America's present fleet of 11 active-component and 1 reserve large-deck aircraft carriers is sufficient, given the Navy's deployment practices, to cover only 2.6 theaters continuously. This means an average annual gap of about four or five months in covering one or another of three theaters. We could squeeze more coverage out of our carriers, or do with fewer of them, if different employment practices were utilized -- for instance, rotating crews and planes rather than ships. However, an additional rationale for having a large fleet is that a substantial portion of it occasionally can be surged within a short period should an emergency require. During the Gulf War, for instance, when the United States (briefly) had 15 active carriers, six were on station simultaneously near Saudi Arabia. At one point during the war, a total of nine (or 60 percent of the active force) were either on station, in transit, or underway at sea for training or sea trials. Hence, the use of two today by no means exhausts the "emergency response" capacity of our present carrier fleet.

Generally speaking, aircraft carriers (with their attendant battle groups) are a very expensive way to generate air power; three dozen USAF aircraft could accomplish as much. The unique value of carriers is that they are floating, redeployable air bases. Part of the reason the United States home-bases one in Japan is that this posture reduces transit times to other areas, such as the Indian Ocean and Arabian Sea. Thus, in criticizing the Kitty Hawk re-deployment, congressional leaders are inadvertently challenging the fundamental rationale for relying as much as we do on carrier-based air power.

Some critics of the recent redeployment of the Kitty Hawk charge that it violates the precepts of the Administration's two-war strategy by subtracting capability from a key theater. However, the strategy does not entail keeping all forward-deployed assets tied continuously to two particular theaters. Instead, what the strategy implies is that should two major regional wars suddenly erupt in areas of vital interest to the United States, these would get priority over lesser contingencies, perhaps requiring a re-shuffling of assets. Intentionally or not, the "carrier gap" alarmism effectively promotes a rigid, inefficient approach to the use of America's military capabilities -- precisely at a time when increased flexibility and "adaptiveness" are what our military most needs.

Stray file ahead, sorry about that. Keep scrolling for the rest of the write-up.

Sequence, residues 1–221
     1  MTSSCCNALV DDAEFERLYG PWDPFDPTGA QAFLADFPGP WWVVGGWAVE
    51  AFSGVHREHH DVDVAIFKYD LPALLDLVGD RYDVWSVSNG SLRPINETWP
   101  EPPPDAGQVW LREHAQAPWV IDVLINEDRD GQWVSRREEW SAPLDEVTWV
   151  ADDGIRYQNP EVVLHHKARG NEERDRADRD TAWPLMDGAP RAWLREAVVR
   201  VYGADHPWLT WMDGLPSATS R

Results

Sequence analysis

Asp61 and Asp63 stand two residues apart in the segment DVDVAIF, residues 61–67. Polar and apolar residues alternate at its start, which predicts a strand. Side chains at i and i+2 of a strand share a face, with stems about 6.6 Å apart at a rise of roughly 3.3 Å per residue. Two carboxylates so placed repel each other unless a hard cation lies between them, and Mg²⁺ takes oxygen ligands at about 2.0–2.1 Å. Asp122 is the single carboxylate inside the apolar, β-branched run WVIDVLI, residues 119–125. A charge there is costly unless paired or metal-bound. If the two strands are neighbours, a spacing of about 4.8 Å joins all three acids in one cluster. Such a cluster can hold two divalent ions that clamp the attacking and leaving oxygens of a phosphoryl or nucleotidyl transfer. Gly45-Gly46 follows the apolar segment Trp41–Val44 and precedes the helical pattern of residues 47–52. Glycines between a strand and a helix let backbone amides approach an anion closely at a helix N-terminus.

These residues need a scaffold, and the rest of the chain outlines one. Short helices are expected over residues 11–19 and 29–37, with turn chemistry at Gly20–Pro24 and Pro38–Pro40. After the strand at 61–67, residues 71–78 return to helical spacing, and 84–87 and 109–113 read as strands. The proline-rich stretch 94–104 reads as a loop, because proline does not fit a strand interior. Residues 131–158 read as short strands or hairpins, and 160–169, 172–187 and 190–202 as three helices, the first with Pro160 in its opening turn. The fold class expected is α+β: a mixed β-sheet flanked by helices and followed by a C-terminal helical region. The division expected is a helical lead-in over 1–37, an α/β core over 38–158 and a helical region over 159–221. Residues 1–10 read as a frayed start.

1. Floyd Spence, Military Readiness Review, Volume 1, Issue 1, April 1999; available at:; Richard Newman, "When Two Wars Are Too Many," US News and World Report, 19 April 1999, page 26; Bradley Graham, "Balkans Action Begins to Strain US Forces," Washington Post, 7 April 1999, page A15; Otto Kreisher, "Top Army, Marine Commanders At Odds Over Use of Carrier," San Diego Union-Tribune (Copley News Service), 3 April 1999, page 19.

2. Editorial, "Elasticity: Military Forces Being Stretched Thin Around the Globe," Houston Chronicle, 24 April 1999, page 44; Rep. Floyd Spence, "Limits to Our Leadership," op-ed, Washington Post, 22 April 1999, page 27; Laura Myers, "US Going Without Pacific Carrier," Associated Press, 21 April 1999.

3. David Wood, "Cost of Maintaining World Influence Mounts for US," Cleveland Plain Dealer (Newhouse News Service), 23 April 1999, page 4A.

4. For background on carrier deployment rates and surge capacity see, Government Accounting Office, Navy Carrier Battle Groups, The Structure and Affordability of the Future Force, GAO Report to Congress, Washington DC: GAO, February 1993; Ronald O'Rourke, Naval Forward Deployments and the Size of the Navy, CRS Report for Congress, Washington DC: Congressional Research Service, 13 November 1992; O'Rourke, Aircraft Carrier Forward Homeporting, CRS Report for Congress, Washington DC: Congressional Research Service, 2 October 1992; and, O'Rourke, Aircraft Carrier Force Levels and Deployment Patterns: Issues and Options, 28 June 1991.

Citation: Carl Conetta and Charles Knight, Alleged 'Carrier Gap' is Out to Sea, Project on Defense Alternatives Briefing Memo #15. Cambridge, MA: Commonwealth Institute, April 1999.